The Sky Disk of Nebra


When Lara Christensen arrived on the evening of 4th July 1999 to the clubhouse of the Adventure Club of Europe, shock was written all over her face. Just what had happened to the renowned Danish archaeologist/astronomer who was, at that time, the youngest ever female member of ACE at the age of only 34?


Between 10.00 and 10.15

“… I’ve finally found it. After four long months I’ve finally found the tomb. It lies on the Mittelberg.”

Christensen wrote the following regarding the scene in the vicinity of the small town of Nebra, Germany.

“Through a narrow gap, I squeezed myself into an underground chamber and turned on my flashlight. The soil was dense, low in oxygen, but I pressed on, in search of the podium on which I would place the bronze disc. My eyes couldn’t believe what they were seeing. It looked like an ancient depiction of the sky, with a – at first glance – correct arrangement of the Pleiades star cluster.

“I filled up on fresh oxygen and continued to explore another corner of the burial chamber. The rock was so old, so fragile – I had to be careful.

“What I saw next I can only describe as a ‘Bronze Age Coordinate System’. Finely finished stones stood in a crescent shape, probably intended to reflect light onto the carefully engraved stone slabs when the time was just right all those thousands of years ago when the chamber was above ground.

“At the centre of the stone slab sat a circular plate which, I assumed, the bronze disc would be fitted. I can tell you now – it contained a map of the universe. Not only that, the glow of my flashlight cast shadows onto what seemed like a clear path.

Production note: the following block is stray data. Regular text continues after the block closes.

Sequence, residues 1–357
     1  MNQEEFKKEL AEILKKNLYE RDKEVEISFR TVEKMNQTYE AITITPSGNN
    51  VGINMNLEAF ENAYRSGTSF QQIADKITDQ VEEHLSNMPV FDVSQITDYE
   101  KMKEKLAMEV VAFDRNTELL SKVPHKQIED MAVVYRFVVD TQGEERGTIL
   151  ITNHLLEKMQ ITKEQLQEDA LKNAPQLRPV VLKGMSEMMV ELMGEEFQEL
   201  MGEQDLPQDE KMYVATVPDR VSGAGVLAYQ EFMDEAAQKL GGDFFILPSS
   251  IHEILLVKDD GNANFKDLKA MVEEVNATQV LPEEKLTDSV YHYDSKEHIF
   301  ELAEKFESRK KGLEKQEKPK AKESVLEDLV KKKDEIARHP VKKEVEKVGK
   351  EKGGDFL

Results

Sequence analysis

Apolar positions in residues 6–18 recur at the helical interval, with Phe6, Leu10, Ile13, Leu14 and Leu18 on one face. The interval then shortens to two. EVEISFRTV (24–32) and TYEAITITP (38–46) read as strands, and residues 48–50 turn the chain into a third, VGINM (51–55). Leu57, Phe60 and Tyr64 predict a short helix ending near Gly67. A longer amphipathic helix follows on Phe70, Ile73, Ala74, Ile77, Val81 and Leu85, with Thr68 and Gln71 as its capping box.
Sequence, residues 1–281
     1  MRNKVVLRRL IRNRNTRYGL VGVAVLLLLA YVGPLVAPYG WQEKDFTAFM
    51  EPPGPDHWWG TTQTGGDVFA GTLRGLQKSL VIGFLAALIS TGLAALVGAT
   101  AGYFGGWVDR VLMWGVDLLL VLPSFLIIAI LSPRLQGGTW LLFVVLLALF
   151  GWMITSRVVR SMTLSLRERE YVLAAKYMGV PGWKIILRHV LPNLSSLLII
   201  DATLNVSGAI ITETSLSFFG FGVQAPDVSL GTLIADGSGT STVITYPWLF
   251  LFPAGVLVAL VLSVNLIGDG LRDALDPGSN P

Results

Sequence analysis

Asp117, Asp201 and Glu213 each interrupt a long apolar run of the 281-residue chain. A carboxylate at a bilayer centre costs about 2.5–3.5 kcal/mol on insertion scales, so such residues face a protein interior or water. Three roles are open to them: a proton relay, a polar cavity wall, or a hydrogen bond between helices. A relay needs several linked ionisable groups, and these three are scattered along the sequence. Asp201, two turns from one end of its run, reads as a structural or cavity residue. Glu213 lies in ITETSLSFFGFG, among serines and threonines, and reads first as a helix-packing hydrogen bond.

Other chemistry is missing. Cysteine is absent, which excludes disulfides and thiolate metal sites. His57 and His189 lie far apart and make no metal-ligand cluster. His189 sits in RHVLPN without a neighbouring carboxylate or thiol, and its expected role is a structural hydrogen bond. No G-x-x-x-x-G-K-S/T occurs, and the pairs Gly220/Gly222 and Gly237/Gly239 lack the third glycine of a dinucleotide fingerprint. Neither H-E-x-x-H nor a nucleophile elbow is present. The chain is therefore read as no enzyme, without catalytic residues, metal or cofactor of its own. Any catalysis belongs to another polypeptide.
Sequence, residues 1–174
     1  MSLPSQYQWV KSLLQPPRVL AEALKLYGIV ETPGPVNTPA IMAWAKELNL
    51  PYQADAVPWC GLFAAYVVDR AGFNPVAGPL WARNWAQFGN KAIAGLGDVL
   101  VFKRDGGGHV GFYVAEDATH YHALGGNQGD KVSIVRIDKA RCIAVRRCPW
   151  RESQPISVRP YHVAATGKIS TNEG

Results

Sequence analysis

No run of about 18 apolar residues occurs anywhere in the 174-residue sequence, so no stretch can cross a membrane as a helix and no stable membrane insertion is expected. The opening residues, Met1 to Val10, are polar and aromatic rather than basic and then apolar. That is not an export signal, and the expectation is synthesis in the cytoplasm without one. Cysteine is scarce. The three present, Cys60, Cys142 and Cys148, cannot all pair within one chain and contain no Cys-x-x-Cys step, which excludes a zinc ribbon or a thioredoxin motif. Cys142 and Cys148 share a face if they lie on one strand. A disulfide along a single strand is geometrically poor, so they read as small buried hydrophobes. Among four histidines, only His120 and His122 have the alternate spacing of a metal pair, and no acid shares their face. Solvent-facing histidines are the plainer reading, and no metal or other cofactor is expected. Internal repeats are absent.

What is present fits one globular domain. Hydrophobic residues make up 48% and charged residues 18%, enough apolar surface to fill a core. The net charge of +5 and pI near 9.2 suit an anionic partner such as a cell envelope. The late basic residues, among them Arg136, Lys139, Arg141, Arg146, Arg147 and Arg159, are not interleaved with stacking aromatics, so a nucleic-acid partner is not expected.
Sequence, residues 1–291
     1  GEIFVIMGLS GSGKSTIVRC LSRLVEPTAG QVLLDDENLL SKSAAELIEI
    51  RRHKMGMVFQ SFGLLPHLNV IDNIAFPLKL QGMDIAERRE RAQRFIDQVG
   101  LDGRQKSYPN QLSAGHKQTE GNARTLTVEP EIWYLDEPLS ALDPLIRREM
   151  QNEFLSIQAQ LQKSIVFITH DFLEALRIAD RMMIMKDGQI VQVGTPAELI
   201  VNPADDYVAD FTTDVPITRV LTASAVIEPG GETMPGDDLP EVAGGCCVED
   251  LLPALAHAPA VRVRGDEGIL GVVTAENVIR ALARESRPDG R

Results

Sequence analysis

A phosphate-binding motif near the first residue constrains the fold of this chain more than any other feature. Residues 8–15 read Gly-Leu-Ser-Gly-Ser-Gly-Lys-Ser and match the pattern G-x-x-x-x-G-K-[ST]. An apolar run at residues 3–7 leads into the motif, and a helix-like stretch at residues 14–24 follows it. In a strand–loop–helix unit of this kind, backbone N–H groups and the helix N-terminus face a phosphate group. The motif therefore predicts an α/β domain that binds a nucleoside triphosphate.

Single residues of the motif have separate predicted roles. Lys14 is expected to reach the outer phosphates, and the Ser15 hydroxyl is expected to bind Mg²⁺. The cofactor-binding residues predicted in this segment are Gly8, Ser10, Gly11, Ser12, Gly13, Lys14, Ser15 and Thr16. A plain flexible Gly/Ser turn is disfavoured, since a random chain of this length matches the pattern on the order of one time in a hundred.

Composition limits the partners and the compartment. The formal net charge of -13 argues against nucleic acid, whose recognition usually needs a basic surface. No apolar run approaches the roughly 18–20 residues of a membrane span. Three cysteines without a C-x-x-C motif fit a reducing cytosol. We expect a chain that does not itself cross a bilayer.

“I became frightened suddenly, I had heard voices. Two men set upon me and tore the bronze disc from my grasp. When I tried to fight back one of the assailants pulled a gun. I ran. Amidst all this confusion one of the men had stumbled against one of the fragile standing stones, causing it to fall. The entire tomb trembled. I got out just in time and ran for my life as the earth behind me crumbled and fell into the chamber.

The last thing I saw was my two assailants fleeing deep into the forest with the bronze disc in tow.”

At this point, Lara Christensen’s report ends.

A few months after her discovery, the artefact (which would later be revealed to be the Sky Disc of Nebra) appeared on the black market where it was found and turned over to the German state of Saxony-Anhalt, in which Nebra is located. To this day, Lara Christensen still vies to get permission to restore the burial chamber and finish her investigations into the Sky Disc. Her goal is to discover just what secrets the star map held.

Unresolved issues and complications connected to the Federal State have made this so far impossible. One employee of the Ministry has said a ‘grave chamber restitution permit’ would need to be released, as well as the undertaking of a clear ‘vegetation stability test’ of the Mittelberg area, as well as an ‘artefact regression safety’ process.

Ten years ago a committee was set up at the Ministry to take up the case.